Make WordPress Faster with Varnish Cache

WordPress, Plugins and Varnish

Varnish to WP is like Christmas all year round
Varnish to WP is like Christmas all year round

My self, I don’t want to wait for website to load over 2 seconds. Standard installation of WordPress is, well, sluggish. Installing couple of plugins, nice theme and banner pictures makes it even more slower. It does not matter if your server is latest and the greatest. You can install plugin to minify some CSS and JS with Better WordPress Minify. Or you can optimize your images with EWWW Image Optimizer. Still there’s just too much going on with Worpress. All of this affect your readers – do they want to come back? Also it affects how high Google scores your site.

Varnish is an HTTP accelerator which is designed to boost up content-heavy dynamic we sites. It sits in front of your HTTP Server and caches your content automatically, almost. You can make wordpress faster and lower loads on your server. Win-Win.

Varnish has Domain Specific Language which compiles to C. You write set of rules how your content is cached and let Varnish do the heavy lifting. Current major version is Varnish 4 and VCL 4.0. If you still have 3.0, see this upgrade guide for changes to the DSL. This tutorial is using VCL 4.0.

Installing Varnish

I’m using Debian, and it’s stable release “Wheezy” has old Varnish 3. So I’m not going to use that. Instead go ahead and download latest version from the website for your OS whatever it might be.

Installing Varnish 4 to Debian:

Configuring Varnish

Go ahead and edit standard port and change it to 80. Don’t go changing your Apache port just yet. Let it run until you can make sure everything compiles ok.

If you’re not sure about your configs, you can configure Varnish to be in port 81, and test side-by-side without loosing any readers.

After that make a copy of the original VCL file:


Adding VCL Caching Policies

Add new file with the name default.vcl. See comments of default.vlc for more details how rules are working. This is bit and pieces taken from internet and combined. See definite quite from Varnish Documentation. There’s also lot’s of basic examples included in the documentation.

Default Policy


Device detection

Then device detection. This will ensure that mobile/desktop versions of your site will look as they should be. Code checks what kind of user agent browser has and sets device identification string to the headers. Then based on that string, in default.vcl, vcl_hash function generates separate cache for each device type.

This code does not include changing from mobile to desktop. That will be topic of a next blog post.

Add file called devicedetect.vcl to the same /etc/varnish directory. Original version of this can be found in GitHub, and it’s author is Lasse Karstensen <>. This is same code, but migrated to VCL 4.0.

Testing that Policies Work

If you’re doing this for the first time, you can just restart varnish to see if syntax is correct.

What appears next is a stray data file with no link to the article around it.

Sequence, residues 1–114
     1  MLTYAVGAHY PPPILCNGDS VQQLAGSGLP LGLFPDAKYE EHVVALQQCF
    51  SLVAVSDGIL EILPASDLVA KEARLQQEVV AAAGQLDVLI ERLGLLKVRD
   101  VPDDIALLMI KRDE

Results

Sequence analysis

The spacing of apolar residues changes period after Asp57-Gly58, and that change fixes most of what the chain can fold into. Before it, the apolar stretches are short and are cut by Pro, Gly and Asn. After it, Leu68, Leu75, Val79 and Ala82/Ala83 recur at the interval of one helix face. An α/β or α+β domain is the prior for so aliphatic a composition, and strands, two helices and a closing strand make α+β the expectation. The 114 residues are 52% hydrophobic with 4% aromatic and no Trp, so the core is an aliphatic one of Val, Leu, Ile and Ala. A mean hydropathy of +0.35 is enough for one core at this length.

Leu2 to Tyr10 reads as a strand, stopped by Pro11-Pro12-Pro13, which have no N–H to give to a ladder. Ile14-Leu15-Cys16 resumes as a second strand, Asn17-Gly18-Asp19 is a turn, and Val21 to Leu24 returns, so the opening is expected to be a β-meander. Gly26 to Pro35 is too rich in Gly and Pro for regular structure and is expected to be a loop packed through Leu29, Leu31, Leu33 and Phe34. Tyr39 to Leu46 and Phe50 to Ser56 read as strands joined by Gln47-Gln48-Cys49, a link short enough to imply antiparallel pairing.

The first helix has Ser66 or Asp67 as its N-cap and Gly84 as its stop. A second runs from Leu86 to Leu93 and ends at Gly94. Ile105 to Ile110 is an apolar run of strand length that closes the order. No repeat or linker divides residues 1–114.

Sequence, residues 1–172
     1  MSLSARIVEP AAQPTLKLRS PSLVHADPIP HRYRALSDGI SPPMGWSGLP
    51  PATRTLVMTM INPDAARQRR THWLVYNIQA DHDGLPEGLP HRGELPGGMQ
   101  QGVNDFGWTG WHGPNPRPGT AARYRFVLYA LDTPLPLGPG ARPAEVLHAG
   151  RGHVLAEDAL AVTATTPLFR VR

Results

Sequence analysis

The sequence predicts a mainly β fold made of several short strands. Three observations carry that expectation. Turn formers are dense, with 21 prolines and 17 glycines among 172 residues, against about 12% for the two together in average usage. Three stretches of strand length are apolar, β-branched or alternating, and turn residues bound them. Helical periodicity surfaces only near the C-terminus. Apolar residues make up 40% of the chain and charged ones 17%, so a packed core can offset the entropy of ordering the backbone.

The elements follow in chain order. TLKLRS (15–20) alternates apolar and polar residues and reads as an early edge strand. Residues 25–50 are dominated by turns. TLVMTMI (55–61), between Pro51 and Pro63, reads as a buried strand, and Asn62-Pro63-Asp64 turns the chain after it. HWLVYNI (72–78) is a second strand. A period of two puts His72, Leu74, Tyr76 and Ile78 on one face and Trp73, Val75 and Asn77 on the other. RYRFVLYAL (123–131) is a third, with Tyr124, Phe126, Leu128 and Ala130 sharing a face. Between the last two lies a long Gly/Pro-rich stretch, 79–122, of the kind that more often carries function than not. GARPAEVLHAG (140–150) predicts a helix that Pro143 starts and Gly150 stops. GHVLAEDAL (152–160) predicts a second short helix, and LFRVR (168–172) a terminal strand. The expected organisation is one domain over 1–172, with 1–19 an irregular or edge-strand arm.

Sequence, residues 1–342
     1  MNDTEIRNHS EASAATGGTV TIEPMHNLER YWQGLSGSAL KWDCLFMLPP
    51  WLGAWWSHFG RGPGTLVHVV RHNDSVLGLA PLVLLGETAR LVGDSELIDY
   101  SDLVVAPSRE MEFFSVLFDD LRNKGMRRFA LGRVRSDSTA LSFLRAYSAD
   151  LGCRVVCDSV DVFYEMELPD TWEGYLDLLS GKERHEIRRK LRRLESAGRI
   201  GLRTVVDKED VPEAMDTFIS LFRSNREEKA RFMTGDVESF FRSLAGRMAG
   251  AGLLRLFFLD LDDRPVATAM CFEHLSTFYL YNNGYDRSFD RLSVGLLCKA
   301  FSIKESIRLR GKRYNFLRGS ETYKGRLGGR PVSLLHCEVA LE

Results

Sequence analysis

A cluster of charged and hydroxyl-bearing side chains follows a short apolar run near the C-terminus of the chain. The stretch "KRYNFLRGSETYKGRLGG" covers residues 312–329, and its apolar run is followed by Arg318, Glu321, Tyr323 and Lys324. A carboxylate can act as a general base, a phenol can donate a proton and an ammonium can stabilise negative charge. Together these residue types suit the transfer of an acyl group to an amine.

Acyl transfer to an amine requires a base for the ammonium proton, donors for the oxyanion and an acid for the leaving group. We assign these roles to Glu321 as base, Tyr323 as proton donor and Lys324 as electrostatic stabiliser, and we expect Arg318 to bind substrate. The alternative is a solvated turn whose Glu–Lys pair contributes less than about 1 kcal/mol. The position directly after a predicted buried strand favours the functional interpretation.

If you’re already running a version and you want to see if it compiles. This will output an error or C source code. After this, you can restart the server.

Configuring Apache

Edit your Apache, or favourite HTTP Server to use another port. (8080) Remember to check virtual host also configs.

Now go ahead and restart HTTP Server and Varnish. Varnish will be now serving at port 80, and Apache in 8080.  How Varnish knows where to look for HTTP Server? Well, look at the top of default.vcl.

Proof that it works

Well, you site should be blazingly fast! First load might take longer, but after that it should be rendering almost instantly. You can also investigate two headers: Age and X-Varnish. Age should be above 0 and X-Varnish should have two request id’s.


Purging Content from WordPress

Install Varnish HTTP Purge extension to your WordPress. You can purge manually or automatically when saving posts.

All you need to do is add this line to your wp-config.php file

Make WordPress Faster with Varnish Cache

Varnish Policies are in Github.

If you know how to install WordPress, you know how to install and configure Varnish Cache. You only need hour of free time and your readers will thank you.

Leave comments if you’re planning to install Varnish. Or if you have additional policies you want to share?

5 thoughts on “Make WordPress Faster with Varnish Cache

  1. Hi

    I have add some off your code butt when i try whit: cache cookies for admin site my wordpress toolbar disappear and i get it back when i delete this code:

    /* Don’t cache cookies for admin site */
    if (!(req.url ~ “wp-(login|admin)”) &&
    !(req.url ~ “&preview=true” ) ) {
    unset req.http.cookie;

    Have you notes the same thing?

    1. Hi,

      Now when you mention it. Yes, your correct. To fix this problem you need to replace that part with:

      /* Don’t cache cookies for admin site */
      if ((req.url ~ “wp-(login|admin)”) &&
      (req.url ~ “&preview=true” ) ) {

      Otherwise everything stays the same. I updated the post and Github project. Thanks!

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